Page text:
Even from the very bottom, it is not unusual to look up through the clear water and be able to count the leaves on the trees over head. Devil's Eye is a round opening, 20 feet across and equally deep. At the bottom is the entrance to a small, intricately decorated cavern. Certified divers may enter the cavern and explore up to the limit of what they can see, using available sunlight. Devil's Ear is a canyon-like opening located where the Devil Spring run joins the Santa Fe River. At the bottom of this opening, water gushes from a cave opening with nearly fire-hydrant-like force. Although the water in the Devil's Ear basin is generally crystal clear, it is common for it to be covered with a thin layer of tannin-stained river water. This phenomenon enables divers to sit in the basin's clear water and look up at the sun and trees through a unique, stained-glass effect created by the river water.
During the drier summer months, visibility in the Santa Fe River can reach as much as 30 to 40 feet or more. When it does, river diving becomes popular. Many divers like to enter the water at the Devil Spring system and drift dive the nearly 1,000 feet to Ginnie Spring. Along the way, they may see pleistocene-era fossils from giant ground sloths and other prehistoric mammals. Due to overhead boat traffic, state law requires that you tow a float and flag while diving in the river. These are available from Ginnie's rental department.
If you are a certified cave diver, odds are you really need no introduction to Ginnie Springs and, more specifically, the Devil's Eye/Ear cave system. This is among the most popular cave dives on earth, and many believe that more cave dives are logged here than at any other site. Among the reasons why:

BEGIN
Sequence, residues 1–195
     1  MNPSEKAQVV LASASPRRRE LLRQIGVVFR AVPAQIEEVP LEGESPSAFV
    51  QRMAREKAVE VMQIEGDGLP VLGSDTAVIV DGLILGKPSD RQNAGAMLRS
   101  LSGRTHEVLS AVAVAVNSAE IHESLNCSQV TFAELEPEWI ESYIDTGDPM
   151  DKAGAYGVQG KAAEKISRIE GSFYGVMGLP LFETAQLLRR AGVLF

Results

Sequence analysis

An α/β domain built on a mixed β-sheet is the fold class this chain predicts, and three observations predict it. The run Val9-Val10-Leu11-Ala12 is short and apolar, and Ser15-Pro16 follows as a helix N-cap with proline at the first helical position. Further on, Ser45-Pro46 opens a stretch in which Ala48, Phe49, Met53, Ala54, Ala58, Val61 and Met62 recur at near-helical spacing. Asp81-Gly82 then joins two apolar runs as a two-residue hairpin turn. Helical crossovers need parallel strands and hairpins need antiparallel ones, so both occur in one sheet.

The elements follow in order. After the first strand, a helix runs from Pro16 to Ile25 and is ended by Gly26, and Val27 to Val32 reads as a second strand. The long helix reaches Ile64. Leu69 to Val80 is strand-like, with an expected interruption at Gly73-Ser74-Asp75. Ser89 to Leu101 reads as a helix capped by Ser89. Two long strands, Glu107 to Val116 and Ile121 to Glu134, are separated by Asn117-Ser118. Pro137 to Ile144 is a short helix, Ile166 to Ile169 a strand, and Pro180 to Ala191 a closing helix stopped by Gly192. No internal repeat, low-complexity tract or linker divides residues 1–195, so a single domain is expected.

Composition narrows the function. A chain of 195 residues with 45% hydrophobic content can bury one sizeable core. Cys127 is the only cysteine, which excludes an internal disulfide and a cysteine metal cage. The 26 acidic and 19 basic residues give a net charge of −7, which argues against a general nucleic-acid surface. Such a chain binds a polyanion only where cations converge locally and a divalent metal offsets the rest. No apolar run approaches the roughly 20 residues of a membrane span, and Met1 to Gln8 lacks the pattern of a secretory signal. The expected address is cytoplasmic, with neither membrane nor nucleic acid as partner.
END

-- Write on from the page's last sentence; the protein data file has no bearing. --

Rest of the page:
The Devil's Eye/Ear system also has the potential to expose cave divers to the widest possible array of conditions, including high and low flow, large and small passageways, and silty and silt-free bottoms. Devil's Eye and Ear generally remains open and diveable, even when seasonal flooding restricts access to other sites. Ginnie Springs is the only place in North America where you will find everything you need for cavern and cave diving at one convenient location. Our fully stocked dive store, high-capacity fill station and three diveable springs are all located on premises.
Visit our Admissions page for current diving fees.
Dive prices are per day and do not include Florida sales tax. Prices are subject to change without notice. Air fills are available at the Dive Center.
Guided Cave dives can be arranged directly through one of our Professional Independent Instructors. To participate you must at least be Intro to Cave certified. Prices vary and are set by the instructor. Guide fees are in additional to park entrance fees. Participants are responsible for providing or renting personal dive equipment appropriate for the dive. Refer to our instructor listing for contact information.
Contact Ginnie Springs Outdoors for fee information and availability. (386) 454-7188.
The crystal-clear waters of Ginnie Springs provide the perfect place to try scuba for the first time. There are no wind, waves, breaking surf, stinging salt water or rocking dive boats to worry about -- just the opportunity to relax and enjoy the magic of the underwater world under the guidance of our highly experienced instructors. Discover Scuba Diving is a non-certification program. The emphasis is on enjoying the experience of breathing effortlessly under water -- not on mastering complex skills. It is the perfect opportunity to find out whether or not scuba is right for you, before committing to a full-length, entry-level certification course. The Discover Scuba activity fee includes all equipment, instruction, air fills and dive fees. There are no additional expenses.
|Number of students||Price per student|
|One or more||$99.00 each|
Signing Up: To check availability or reserve your space you can contact one of our independent instructors directly by phone or email. Be sure to discuss deposit and payment policy with your instructor. Participants must complete standard waiver and medical-history forms prior to the start of this activity. Depending on students' medical history, a physician's approval may be required.